“And what about that tramway tyrant you support? Jesus, he has even made a drudge out of Nora now.” Her daddy's voice was cross and loud. She guessed who he meant by the tramway tyrant but she knew for certain that a drudge was what she had been all morning. And she knew that William Martin Murphy owned the hotel because daddy had explained to her why he was known as an industrial octopus. That his tentacles wrapped around everything -newspapers, bookshops, department stores, a hotel.
She listened to her father roaring. “ I will not be a scab.” She fingered the dry
crusty surface of a sore on her finger, now nearly healed, and opened the door.
“You're a contrary bloody man.” Her mother's voice was sour.
There were damp patches on the wallpaper in the hall and it was dark and airless. The ten rooms in the house were each occupied by a family. She pushed the door into what had once been the parlour. A dresser, stocked with three cups and a few saucers and plates, stood at the head of an iron bed with brass fittings. It took up most of the space. Lumps of horsehair pushed through the upholstery of two armchairs. The square table in the corner had a form underneath. The marble hearth and high ceiling were a throw back to an earlier grandeur. A can of water was boiling on the coals. At night Nora slept under a quilt on the floor before the fire and Sean slept in a basket.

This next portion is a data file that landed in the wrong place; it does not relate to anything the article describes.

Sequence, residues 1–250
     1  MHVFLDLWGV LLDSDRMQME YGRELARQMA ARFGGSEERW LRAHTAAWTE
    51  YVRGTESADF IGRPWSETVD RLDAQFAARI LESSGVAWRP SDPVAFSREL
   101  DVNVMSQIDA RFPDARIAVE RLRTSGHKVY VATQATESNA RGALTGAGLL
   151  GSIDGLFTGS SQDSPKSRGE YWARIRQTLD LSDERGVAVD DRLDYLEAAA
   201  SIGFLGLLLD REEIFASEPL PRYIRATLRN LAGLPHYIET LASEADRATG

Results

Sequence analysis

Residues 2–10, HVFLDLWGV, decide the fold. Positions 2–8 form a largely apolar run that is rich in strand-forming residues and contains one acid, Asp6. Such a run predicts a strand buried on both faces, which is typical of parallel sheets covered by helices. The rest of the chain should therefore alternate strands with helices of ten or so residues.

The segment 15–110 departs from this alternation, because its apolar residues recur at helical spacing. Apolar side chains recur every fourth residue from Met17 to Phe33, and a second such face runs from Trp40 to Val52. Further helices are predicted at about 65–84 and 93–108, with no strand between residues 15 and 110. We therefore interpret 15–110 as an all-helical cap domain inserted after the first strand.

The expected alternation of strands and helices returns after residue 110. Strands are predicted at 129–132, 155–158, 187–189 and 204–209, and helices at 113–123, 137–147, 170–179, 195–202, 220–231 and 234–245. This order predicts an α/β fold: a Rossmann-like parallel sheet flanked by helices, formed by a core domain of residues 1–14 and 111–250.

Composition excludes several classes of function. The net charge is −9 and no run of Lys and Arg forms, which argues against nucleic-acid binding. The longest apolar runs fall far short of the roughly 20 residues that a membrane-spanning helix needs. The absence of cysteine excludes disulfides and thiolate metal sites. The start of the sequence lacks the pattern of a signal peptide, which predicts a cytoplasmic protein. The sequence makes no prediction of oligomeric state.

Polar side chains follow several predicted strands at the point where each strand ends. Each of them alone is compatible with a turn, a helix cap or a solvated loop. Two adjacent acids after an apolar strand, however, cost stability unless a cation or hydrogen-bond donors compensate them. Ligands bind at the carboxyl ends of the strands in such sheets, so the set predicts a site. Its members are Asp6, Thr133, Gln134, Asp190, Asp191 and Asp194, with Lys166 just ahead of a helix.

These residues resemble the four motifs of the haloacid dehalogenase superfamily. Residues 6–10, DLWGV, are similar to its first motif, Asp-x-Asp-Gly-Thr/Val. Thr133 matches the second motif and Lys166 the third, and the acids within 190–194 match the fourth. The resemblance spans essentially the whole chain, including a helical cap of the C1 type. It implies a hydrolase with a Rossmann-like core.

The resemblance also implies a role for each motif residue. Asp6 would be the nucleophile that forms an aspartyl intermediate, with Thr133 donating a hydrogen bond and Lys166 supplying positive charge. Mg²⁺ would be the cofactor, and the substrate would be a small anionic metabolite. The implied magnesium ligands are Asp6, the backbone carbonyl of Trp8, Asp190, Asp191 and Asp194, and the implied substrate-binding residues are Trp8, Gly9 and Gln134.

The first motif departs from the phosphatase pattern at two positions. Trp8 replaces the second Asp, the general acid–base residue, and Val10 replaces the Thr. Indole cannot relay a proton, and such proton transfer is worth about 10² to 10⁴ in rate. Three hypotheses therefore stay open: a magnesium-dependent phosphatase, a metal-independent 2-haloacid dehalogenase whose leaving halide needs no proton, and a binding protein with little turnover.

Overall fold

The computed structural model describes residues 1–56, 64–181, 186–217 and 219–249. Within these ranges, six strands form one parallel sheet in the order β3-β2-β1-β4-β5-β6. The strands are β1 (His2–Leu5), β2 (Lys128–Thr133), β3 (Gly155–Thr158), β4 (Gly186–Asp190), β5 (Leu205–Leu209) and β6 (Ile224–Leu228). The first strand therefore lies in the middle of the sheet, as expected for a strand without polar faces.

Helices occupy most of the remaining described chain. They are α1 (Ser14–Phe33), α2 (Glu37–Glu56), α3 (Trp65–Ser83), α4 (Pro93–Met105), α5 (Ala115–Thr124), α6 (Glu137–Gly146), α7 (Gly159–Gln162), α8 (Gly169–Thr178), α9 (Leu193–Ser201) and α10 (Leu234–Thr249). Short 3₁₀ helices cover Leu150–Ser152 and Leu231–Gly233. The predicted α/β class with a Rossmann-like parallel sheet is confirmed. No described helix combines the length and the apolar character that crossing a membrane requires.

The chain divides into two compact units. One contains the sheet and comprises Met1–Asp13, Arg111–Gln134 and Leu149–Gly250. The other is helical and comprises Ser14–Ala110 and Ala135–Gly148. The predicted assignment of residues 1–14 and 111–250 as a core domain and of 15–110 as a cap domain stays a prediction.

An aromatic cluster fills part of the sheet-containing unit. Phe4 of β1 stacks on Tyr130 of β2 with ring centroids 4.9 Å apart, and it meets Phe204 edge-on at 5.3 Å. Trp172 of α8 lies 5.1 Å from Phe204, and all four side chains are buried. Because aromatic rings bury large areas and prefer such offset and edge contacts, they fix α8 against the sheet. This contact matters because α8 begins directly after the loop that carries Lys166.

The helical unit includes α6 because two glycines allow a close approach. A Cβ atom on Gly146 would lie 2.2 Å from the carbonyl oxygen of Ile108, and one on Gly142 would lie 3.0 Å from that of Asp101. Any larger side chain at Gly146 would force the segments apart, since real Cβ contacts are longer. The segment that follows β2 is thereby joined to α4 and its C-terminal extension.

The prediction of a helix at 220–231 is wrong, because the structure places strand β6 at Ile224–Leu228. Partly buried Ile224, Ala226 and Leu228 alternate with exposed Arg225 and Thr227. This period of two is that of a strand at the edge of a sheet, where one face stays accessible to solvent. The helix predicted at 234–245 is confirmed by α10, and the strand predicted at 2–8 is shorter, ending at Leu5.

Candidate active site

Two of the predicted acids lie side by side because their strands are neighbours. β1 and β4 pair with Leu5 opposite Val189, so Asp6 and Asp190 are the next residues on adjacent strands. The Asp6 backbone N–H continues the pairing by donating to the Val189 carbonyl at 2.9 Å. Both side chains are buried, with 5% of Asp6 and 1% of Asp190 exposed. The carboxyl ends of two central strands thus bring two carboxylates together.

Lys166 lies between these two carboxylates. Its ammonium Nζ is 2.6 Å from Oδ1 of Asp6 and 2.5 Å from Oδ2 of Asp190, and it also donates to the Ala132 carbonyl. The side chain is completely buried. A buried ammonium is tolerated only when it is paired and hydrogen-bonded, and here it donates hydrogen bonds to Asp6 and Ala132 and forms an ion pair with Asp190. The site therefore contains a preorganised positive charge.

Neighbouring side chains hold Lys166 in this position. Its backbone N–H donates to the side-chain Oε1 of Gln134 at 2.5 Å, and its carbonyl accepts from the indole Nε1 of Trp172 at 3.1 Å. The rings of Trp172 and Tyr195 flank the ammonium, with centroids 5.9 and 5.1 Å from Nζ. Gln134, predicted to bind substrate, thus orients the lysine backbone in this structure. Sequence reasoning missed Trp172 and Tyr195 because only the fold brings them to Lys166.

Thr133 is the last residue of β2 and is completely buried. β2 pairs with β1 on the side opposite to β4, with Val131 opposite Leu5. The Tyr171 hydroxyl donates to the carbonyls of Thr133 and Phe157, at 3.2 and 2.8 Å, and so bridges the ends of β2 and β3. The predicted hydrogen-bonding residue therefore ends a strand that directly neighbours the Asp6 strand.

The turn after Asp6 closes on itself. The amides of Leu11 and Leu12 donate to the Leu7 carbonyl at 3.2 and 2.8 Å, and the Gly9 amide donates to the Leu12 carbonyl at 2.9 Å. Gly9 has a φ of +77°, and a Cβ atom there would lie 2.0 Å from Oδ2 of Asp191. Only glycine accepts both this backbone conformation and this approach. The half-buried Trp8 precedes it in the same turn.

“Thank God you're back” her mother said, “and that none of those rioters hurt you.”
‘A rioter now am I?' Her father's face darkened. “Next you'll be calling me a looter.” He was a thin man who had wrinkled prematurely. “I'm going out. There's a mass meeting on this evening. Larkin may appear. I'll be late home.”
“Don't come back with a skinful,” her mother warned.
He didn't answer, just got off the side of the bed where they had both been sitting and glanced at the sleeping Sean. Nora was still by the door when he took her hand in his and examined the dirt under her finger nails. “You're worse than any docker.”
Nora felt her heart sinking and the spark of hope that her father would remember she was twelve today was fast dissolving. Her mother was too worried
about Sean's bronchitis to think about anything else. She studied her face, pale, almost yellow. Her lips were blue as if they had been drained of blood. She took the place vacated by her father on the bed, reached out and touched her arm soothingly. She didn't want to broach the subject of food but running from the stone throwers had put an edge on an appetite she could usually stifle. Silent and awkward, she sat not knowing what to say, feeling a babyish desire to cry.
“I suppose you're hungry.” Her mother's tone was resigned.
“I'd love a slice of bread.”
“You'll have to go to Moriartys. Not a penny from the hotel since I started sending you in instead of me.” She looked at Sean, breathing peacefully for once. “He'll soon be fighting fit again but until then we'll have to scrimp. What with your father on strike and all.”